Vatican financial reform efforts continue amid scandals and deficit
VATICAN CITY (RNS) – As Vatican finances have suffered greatly during the COVID-19 pandemic and large-scale financial scandals have crippled the credibility of the church around the world, Pope Francis and his team of Reformers continue their efforts to promote transparency in the institution’s strained finances.
In a lengthy interview with Vatican media on Monday, November 8, Bishop Nunzio Galantino, president of the Heritage Administration of the Holy See, or APSA, discussed Pope Francis‘ plan to clean up investments and real estate from the Vatican. . The Vatican faces a loss of $ 100 million for a 2019 investment in a property in London, currently at the center of a financial scandal.
“The Pope’s desire for centralized financial management is only the last part of a much larger and more important process,” said Galantino.
Efforts to clean up the Vatican’s finances began with Pope Emeritus Benedict XVI and intensified under Francis. In December 2019, Pope Francis stripped the powerful Vatican Secretariat of State of its financial assets, placing them under the authority of APSA, which already manages the Vatican’s investment portfolio and real estate.
While admitting that the decision “increased the workload” of APSA, Galantino said the centralization of the Vatican’s financial oversight creates “transparency and control over everything that involves management and administration. resources of the Holy See “.
APSA does not have the best track record in terms of transparency and accountability. It published a summary of its annual budget for the first time in July 2021, reporting a loss of profit of more than $ 25 million in 2019. The Vatican’s finances as a whole have been “heavily affected by the economic crisis generated by the COVID-19 pandemic ”, according to the 2021 budget of the Holy See, which expects a deficit of 60 million dollars.
Through recent and future reforms, the Vatican plans to “improve real estate services and performance,” through the maintenance and renovation of its properties, Galantino said. “The rest is used to contribute to the expenses of the Holy See and therefore to the Pope’s mission. “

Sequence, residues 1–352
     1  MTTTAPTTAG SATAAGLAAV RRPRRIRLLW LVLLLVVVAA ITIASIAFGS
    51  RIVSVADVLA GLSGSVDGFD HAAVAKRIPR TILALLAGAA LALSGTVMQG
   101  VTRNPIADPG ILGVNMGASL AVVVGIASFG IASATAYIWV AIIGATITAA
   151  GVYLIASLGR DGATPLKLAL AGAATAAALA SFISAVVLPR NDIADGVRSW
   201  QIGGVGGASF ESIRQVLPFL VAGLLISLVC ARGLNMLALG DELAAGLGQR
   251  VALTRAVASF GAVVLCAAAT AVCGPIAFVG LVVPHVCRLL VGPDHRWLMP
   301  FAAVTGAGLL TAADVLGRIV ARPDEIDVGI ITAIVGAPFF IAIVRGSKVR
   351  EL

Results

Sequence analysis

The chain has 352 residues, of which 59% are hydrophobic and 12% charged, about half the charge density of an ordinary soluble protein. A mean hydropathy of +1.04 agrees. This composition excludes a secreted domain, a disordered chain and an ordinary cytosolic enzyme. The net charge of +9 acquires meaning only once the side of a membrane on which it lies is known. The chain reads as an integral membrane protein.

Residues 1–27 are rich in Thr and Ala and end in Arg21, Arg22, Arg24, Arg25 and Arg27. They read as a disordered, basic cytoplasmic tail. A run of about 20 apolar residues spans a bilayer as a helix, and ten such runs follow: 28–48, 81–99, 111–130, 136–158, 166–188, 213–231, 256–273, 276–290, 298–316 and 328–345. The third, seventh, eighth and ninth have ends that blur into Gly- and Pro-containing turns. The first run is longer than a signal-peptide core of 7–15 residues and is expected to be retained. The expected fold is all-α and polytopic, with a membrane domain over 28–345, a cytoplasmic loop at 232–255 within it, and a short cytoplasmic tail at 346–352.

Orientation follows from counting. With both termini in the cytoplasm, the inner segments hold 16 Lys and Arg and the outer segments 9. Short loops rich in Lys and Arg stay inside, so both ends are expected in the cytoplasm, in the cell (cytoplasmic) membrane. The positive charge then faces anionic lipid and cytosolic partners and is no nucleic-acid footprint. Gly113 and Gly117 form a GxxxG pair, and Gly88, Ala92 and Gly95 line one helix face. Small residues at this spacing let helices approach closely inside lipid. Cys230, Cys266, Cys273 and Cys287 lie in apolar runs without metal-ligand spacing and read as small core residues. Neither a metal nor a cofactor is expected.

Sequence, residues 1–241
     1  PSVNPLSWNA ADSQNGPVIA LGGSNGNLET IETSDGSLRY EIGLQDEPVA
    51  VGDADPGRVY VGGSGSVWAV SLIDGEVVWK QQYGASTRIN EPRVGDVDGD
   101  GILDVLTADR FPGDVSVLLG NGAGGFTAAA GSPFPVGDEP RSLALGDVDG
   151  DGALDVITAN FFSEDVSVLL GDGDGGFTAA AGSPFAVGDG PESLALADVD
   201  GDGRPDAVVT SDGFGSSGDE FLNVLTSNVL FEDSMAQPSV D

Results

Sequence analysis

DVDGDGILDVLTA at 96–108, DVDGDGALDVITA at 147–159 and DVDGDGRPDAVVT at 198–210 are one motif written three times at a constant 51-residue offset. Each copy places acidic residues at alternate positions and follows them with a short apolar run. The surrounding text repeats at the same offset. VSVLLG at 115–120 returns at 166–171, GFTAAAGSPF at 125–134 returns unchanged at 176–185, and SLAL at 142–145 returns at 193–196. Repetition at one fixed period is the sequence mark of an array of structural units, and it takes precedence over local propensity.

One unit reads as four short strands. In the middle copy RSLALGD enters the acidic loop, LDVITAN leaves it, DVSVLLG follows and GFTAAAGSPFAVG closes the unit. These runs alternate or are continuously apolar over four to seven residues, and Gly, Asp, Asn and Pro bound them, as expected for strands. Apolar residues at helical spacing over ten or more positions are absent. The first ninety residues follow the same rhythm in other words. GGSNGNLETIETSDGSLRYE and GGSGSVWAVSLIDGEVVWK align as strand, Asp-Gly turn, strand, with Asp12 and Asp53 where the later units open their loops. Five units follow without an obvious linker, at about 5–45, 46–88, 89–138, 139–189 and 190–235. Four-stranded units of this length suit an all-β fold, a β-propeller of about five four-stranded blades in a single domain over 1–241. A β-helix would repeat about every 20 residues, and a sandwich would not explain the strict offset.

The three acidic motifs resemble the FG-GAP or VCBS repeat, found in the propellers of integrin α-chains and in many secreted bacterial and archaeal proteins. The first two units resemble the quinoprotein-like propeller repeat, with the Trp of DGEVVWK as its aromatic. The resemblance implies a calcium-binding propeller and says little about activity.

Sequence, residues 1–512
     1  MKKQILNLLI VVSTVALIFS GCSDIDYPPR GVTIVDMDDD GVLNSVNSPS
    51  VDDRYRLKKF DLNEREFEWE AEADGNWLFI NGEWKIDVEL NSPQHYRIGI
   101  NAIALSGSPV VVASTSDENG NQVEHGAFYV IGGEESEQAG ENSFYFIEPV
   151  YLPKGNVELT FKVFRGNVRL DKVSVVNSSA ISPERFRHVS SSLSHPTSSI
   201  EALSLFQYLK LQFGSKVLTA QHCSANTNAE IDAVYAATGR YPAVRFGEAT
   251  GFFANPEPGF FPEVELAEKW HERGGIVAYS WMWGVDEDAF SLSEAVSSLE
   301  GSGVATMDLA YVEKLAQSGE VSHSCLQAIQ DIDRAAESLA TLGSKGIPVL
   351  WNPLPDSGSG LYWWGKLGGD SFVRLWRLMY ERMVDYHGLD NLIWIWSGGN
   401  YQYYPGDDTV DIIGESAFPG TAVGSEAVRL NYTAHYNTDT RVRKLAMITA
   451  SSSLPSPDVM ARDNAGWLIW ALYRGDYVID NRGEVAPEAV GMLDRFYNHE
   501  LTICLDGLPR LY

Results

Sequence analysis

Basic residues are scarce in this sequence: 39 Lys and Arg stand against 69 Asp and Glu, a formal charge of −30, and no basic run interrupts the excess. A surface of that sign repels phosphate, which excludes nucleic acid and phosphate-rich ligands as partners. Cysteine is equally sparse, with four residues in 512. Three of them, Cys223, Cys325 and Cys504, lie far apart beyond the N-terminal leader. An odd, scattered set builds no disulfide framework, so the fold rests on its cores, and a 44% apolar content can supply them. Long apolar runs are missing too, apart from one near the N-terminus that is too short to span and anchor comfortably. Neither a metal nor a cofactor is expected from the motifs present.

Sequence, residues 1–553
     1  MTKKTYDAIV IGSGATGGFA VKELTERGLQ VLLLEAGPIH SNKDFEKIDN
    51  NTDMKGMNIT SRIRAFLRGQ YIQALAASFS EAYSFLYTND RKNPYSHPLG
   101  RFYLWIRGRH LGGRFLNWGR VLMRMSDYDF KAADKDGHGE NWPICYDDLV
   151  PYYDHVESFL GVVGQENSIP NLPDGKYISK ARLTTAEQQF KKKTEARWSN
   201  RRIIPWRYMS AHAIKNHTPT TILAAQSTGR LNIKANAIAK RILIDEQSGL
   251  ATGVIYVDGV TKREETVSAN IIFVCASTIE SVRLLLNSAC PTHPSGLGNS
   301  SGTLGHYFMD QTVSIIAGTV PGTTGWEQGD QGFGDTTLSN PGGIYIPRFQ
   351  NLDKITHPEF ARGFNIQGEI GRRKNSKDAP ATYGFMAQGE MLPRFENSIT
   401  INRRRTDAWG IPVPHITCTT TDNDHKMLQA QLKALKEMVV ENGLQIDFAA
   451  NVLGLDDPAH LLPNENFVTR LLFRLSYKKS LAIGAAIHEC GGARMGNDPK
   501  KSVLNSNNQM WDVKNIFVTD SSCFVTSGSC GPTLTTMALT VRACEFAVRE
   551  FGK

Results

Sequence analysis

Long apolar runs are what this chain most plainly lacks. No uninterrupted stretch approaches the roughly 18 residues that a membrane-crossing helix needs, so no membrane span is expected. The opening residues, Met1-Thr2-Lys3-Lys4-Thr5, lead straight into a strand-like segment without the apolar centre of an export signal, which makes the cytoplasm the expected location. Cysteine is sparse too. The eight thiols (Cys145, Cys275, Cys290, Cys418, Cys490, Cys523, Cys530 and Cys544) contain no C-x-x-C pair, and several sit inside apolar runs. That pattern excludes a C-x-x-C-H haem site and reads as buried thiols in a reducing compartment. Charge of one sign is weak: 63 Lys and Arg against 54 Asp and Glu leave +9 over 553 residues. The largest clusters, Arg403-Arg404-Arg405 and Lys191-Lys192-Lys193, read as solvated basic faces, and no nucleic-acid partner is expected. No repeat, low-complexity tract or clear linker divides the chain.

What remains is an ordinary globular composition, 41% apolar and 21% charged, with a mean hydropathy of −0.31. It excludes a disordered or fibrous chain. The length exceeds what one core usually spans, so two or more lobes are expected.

The APSA budget was released just days before the Vatican mega-trial of 10 people, including Cardinal Angelo Becciu, accused of financial embezzlement in connection with the Vatican’s purchase of a luxury property in London.
Once the third Vatican prelate, Becciu vocally declared his innocence under the London Accord. Through his defense attorney on November 4, the cardinal rejected the charges “in light of his own honesty and loyal service to the Holy Father”, condemning “fraud, exploitation and personal attacks disconnected from historical reality “.
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Between 2014 and 2018, the Vatican purchased an office building in London using more than $ 400 million in funds intended to support the Pope’s charities, known as Peter’s Pence. Vatican prosecutors argued in court that the institution had been swindled from millions of people by entrepreneurs Raffaele Mincione and Gianluigi Torzi, with the help of lay people and clerics working in the Vatican.
“Peter’s Pence is a contribution from local churches to support the mission of the Holy Father and his charities,” said Galantino, explaining that his aim is also to support the Roman Curia and the nearly 5,000 Vatican employees since the City of the Vatican has no taxes.
The Vatican is selling the London property at the center of the scandal for around $ 230 million to private equity group Bain Capital, incurring a loss of more than $ 100 million, the Financial Times reported.
The Vatican trial has shed light on the corruption and lack of transparency that have always characterized the finances of the Catholic city-state, but questions remain about its effectiveness in holding those responsible for the massive economic loss to account.
At the second trial hearing on October 6, Vatican judges ordered prosecutors to turn over the missing evidence to defense attorneys and to withdraw some of the evidence gathered during the investigation. The ruling dealt a further blow to Vatican prosecutors, who were reprimanded by a British judge in March for making “appalling” false statements in litigation against Torzi over London property.
In mid-October, Italy’s highest court of appeal, the Court of Cassation, lifted financial restrictions imposed by the court in Torzi, which had been presented by Vatican prosecutors.
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